Fresh charities legislation in Northern Ireland will resolve an issue that had invalidated much of the Charity Commission for Northern Ireland (CCNI)’s work.
In 2019 a legal ruling found that CCNI board could not delegate decision-making to members of staff, this meant that decisions about charity registrations and investigations were invalid.
The new Charities Bill was introduced last year to address some of the issues and passed its final stage last week. It is now awaiting royal assent.
Deirdre Hargey, communities minister, said: “I am delighted that this important piece of legislation has passed final stage. The bill will bring real benefits to over 6,500 charities and those that rely on them.
“I believe that the provisions in this bill, together with the Review of Charity Regulation which has just been published, position us well to reclaim public and stakeholder confidence in charity regulation here.”
The new act means that most of previous decisions by CCNI staff will be considered lawful, except where they could affect individuals’ rights under the European Convention on Human Rights.
Anyone who wants to appeal a decision that has now been made lawful, will have 91 days from the date of royal assent to appeal.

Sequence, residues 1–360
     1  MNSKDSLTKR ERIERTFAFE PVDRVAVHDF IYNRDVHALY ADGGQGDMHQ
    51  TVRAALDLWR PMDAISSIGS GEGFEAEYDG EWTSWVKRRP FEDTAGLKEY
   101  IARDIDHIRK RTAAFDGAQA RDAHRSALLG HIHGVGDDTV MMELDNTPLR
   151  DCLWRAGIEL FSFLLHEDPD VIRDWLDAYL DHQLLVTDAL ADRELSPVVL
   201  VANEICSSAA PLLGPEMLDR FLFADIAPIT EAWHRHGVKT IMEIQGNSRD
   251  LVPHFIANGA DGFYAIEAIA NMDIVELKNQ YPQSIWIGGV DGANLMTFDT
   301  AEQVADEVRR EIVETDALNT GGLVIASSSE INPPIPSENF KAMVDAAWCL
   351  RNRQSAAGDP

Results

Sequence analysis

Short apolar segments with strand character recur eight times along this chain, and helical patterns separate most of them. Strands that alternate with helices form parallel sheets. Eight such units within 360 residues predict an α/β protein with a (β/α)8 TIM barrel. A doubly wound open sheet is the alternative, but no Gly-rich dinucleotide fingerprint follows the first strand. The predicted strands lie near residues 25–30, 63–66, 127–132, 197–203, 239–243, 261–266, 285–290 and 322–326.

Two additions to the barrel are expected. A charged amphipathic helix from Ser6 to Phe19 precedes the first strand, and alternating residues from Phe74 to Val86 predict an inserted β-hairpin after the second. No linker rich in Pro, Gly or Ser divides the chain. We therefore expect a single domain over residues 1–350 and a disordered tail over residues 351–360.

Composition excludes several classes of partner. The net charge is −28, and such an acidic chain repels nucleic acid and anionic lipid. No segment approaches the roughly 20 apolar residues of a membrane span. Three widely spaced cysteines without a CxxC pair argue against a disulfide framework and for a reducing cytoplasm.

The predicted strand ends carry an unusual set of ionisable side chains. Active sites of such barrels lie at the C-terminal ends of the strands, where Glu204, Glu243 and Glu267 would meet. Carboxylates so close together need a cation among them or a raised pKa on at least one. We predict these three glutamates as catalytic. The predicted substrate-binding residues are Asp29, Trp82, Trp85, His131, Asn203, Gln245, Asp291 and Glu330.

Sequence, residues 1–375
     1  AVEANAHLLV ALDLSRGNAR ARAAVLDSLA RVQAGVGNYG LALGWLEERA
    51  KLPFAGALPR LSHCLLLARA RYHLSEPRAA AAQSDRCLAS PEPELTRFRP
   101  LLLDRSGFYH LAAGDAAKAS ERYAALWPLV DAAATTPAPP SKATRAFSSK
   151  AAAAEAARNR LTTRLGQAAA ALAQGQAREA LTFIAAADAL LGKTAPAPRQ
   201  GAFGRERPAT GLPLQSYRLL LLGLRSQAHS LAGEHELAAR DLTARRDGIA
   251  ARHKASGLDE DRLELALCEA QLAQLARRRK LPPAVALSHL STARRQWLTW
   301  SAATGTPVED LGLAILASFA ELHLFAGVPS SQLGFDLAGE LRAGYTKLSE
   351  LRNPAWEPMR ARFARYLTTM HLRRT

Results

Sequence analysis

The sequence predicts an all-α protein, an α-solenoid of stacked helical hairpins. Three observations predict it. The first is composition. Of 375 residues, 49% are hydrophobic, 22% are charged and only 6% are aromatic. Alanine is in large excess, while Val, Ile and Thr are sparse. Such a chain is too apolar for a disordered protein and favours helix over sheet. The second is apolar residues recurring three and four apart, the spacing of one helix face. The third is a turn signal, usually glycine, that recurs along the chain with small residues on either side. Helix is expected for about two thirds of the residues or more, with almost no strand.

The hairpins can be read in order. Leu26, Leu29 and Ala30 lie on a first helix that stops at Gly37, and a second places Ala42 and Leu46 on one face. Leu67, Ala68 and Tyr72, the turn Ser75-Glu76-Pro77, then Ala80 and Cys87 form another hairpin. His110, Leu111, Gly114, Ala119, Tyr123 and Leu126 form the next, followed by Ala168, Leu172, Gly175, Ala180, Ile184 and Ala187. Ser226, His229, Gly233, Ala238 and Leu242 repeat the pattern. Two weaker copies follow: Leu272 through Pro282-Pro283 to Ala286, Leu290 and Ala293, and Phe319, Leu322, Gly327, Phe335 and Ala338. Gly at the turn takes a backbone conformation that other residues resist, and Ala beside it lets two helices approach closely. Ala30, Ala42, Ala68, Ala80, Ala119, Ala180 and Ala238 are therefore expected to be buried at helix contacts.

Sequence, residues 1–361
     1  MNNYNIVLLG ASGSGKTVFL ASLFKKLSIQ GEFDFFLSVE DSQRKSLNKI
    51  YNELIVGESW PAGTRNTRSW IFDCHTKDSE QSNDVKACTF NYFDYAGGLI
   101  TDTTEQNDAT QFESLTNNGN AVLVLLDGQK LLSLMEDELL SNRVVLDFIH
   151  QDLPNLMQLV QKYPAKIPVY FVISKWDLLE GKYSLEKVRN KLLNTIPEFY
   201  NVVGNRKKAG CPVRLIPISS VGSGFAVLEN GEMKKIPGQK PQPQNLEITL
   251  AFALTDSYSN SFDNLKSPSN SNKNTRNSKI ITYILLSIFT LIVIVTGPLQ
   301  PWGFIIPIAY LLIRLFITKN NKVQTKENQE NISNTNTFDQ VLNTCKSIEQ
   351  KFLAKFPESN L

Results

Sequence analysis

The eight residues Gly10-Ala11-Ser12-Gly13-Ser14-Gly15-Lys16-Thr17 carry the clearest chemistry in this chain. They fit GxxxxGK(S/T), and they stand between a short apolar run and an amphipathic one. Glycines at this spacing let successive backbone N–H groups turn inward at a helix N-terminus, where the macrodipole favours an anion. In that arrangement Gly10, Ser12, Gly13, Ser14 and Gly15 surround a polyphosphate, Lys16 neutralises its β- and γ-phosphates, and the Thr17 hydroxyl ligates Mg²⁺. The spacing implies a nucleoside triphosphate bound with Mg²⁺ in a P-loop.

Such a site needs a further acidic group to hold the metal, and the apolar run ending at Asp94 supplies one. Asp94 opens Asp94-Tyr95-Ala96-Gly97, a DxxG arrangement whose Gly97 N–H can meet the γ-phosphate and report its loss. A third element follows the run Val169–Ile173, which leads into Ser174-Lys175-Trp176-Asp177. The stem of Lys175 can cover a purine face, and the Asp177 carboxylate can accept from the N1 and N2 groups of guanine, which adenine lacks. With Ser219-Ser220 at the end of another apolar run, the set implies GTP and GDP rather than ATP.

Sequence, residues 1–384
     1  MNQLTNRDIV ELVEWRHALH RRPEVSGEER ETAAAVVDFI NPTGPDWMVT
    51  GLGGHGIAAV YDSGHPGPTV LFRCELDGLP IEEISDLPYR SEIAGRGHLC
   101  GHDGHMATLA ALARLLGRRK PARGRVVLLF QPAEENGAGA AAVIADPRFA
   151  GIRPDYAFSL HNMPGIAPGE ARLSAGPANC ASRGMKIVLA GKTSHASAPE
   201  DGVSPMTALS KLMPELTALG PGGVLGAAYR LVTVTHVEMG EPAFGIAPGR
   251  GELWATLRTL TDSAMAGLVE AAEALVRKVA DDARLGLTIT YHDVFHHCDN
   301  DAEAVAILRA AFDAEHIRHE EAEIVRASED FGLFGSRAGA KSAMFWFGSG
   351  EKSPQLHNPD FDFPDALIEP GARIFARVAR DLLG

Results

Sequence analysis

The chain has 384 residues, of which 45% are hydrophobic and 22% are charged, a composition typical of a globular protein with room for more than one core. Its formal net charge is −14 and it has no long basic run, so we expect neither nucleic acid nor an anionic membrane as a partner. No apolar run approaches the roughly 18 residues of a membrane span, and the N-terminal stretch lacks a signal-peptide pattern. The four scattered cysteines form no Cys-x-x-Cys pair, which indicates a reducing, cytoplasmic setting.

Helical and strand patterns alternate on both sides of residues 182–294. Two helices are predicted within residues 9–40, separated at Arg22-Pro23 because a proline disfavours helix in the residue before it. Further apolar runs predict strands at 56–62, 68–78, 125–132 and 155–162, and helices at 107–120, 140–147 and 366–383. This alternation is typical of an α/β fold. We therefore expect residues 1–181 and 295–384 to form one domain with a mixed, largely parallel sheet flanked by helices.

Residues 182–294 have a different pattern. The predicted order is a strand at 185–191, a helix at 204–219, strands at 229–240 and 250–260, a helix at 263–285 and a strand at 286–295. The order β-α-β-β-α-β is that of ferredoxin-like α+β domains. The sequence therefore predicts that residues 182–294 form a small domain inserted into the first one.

The legislation also reinstates the requirement for charities to compile accounts for their first full financial year after 1 April 2022.
Consultation to delegate decisions to staff
The bill means that CCNI can create a scheme of delegation, so that some decisions can be taken by staff.
This will be subject to public consultation.
CCNI: ‘The act will bring certainty’
CCNI is now developing updated guidance that it will publish on its website.
In a statement it said: “The Commission has welcomed the progress of the legislation, noting that it will effectively reinstate the register of charities and give certainty to charities, the public, funders and others as to which organisations are registered charities in Northern Ireland.”
It added: “The act will bring certainty to all those decisions, and reassurance to charities that they can rely upon them and any transactions which have been carried out on foot of such decisions. The safeguards within the Act ensure that additional strain will not be placed on charities and any lingering uncertainty will be lifted.”